Prevalence of hepatitis B virus markers among hospital personnel in Israel: correlation with some risk factors

Y. Weiss, M. Rabinovitch, Y. Cahaner, D. Noy, Y. Siegman-Igra

Research output: Contribution to journalArticlepeer-review

Abstract

During 1986-1987, 480 employees of the Tel-Aviv Medical Center were screened for hepatitis B virus (HBV) markers as a preliminary step in a vaccination campaign. One hundred and seventeen (24·4%) had evidence of previous infection, including nine (1·9%) carriers. The effect of potential risk factors on seropositivity was evaluated by multiple logistic regression analysis, which enabled assessment of the individual contribution of each risk factor under the specific environmental conditions. The following risk factors were found to influence seropositivity: origin from Third World countries as opposed to the Western World, employment as sanitary workers, age over 40 years, and history of accidental needle punctures. In the heterogeneous Israeli population, hospital workers had a relatively high prevalence of HBV markers, probably resulting from occupational exposure.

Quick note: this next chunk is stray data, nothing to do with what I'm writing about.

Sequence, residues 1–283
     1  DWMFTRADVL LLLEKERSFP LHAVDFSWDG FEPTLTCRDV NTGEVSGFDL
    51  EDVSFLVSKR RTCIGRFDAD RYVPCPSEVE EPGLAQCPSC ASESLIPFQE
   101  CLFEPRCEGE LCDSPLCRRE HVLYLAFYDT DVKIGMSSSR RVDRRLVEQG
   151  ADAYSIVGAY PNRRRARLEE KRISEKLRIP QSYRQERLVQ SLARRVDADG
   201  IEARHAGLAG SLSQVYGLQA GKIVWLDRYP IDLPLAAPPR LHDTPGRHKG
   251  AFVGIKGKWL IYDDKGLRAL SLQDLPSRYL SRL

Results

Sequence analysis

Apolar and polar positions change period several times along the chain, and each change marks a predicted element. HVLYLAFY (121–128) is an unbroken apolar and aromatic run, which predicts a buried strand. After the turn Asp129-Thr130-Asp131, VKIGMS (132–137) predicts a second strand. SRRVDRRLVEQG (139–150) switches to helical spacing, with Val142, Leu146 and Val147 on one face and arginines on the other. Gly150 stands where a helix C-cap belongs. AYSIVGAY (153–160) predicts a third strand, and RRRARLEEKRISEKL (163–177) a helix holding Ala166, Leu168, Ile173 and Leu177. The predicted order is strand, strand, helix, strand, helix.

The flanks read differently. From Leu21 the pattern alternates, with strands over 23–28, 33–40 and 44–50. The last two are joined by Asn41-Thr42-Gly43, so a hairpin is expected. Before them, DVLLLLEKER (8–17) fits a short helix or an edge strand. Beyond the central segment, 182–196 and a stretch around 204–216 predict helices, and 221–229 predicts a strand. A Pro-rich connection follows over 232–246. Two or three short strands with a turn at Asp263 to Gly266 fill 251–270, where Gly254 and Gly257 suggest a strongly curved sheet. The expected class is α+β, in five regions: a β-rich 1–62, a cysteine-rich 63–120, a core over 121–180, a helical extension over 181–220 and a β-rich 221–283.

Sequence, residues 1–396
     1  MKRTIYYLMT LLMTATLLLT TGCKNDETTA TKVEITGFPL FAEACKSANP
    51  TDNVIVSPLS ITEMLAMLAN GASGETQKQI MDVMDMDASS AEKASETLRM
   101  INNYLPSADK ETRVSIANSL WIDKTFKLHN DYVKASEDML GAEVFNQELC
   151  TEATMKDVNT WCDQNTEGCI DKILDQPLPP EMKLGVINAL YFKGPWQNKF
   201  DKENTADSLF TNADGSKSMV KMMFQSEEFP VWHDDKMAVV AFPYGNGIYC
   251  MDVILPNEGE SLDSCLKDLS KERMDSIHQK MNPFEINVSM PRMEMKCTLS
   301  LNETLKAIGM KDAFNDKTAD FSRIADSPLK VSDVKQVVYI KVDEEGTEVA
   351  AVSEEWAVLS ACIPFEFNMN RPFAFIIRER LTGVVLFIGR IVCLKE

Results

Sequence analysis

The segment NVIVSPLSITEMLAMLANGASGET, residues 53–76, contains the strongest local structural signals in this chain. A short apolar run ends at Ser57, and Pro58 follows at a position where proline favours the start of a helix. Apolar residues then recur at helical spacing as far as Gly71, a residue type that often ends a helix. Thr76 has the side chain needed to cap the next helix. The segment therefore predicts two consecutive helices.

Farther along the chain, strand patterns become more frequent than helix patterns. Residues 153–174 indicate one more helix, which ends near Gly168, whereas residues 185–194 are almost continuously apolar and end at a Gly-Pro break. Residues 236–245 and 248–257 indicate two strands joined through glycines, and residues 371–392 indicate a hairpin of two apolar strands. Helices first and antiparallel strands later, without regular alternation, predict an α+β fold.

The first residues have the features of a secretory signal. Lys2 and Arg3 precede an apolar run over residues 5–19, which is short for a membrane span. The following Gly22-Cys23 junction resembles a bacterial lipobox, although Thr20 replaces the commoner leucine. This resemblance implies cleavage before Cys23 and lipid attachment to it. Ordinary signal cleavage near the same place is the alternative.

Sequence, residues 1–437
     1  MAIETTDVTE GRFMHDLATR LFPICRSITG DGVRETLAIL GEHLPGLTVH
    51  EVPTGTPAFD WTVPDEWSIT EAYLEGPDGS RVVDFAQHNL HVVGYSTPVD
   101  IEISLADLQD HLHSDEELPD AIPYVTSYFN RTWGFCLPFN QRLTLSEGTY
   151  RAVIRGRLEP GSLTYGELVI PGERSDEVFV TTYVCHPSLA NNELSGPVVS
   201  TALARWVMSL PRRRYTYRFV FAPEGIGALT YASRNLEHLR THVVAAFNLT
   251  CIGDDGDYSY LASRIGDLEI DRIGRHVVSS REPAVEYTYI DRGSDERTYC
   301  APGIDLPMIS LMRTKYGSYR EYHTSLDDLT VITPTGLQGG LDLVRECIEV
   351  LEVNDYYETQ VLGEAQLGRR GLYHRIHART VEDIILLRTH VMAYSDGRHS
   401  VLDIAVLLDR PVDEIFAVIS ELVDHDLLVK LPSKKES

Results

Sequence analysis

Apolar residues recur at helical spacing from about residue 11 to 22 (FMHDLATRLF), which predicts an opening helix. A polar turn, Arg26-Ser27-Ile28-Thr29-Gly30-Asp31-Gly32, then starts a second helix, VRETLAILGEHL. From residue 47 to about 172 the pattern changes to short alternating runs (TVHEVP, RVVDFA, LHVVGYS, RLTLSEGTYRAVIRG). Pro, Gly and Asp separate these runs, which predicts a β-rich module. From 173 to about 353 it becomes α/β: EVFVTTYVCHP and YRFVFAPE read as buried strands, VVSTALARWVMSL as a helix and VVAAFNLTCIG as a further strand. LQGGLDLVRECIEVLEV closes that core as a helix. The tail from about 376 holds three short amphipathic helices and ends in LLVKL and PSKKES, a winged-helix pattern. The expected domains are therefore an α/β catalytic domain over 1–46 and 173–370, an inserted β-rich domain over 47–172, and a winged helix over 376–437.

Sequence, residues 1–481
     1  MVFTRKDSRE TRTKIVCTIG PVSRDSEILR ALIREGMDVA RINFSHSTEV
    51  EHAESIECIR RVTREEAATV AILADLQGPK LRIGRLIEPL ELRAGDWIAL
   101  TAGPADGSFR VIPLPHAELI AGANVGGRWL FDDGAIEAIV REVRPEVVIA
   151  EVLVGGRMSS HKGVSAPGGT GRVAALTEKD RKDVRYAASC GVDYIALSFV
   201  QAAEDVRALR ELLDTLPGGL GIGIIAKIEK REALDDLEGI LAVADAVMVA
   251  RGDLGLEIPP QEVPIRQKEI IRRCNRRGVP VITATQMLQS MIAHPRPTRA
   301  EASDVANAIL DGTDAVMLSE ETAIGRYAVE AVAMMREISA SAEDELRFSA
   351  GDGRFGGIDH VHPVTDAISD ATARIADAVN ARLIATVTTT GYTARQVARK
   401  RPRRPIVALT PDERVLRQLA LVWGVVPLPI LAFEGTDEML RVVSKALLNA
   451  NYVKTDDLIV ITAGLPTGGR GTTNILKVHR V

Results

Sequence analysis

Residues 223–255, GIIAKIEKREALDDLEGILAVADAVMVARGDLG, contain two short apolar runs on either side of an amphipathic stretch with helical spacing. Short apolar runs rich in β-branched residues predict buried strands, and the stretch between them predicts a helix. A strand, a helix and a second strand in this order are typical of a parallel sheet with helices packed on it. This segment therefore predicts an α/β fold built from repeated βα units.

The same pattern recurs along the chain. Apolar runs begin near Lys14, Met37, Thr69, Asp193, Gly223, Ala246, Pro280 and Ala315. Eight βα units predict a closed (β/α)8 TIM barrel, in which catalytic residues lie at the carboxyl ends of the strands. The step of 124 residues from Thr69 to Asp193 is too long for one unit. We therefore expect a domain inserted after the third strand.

Original languageEnglish
Pages (from-to)211-218
Number of pages8
JournalJournal of Hospital Infection
Volume26
Issue number3
DOIs
StatePublished - 1 Mar 1994
Externally publishedYes

Keywords

  • anti-HBc antibody
  • hepatitis B virus markers
  • hospital employees
  • risk factors

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